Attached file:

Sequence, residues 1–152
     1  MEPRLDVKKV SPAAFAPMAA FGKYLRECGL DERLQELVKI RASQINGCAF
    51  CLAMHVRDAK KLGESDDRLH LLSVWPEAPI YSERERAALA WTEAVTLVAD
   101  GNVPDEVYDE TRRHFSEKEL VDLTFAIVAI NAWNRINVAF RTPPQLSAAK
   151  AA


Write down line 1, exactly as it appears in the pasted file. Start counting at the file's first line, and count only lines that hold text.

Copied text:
Sequence, residues 1–152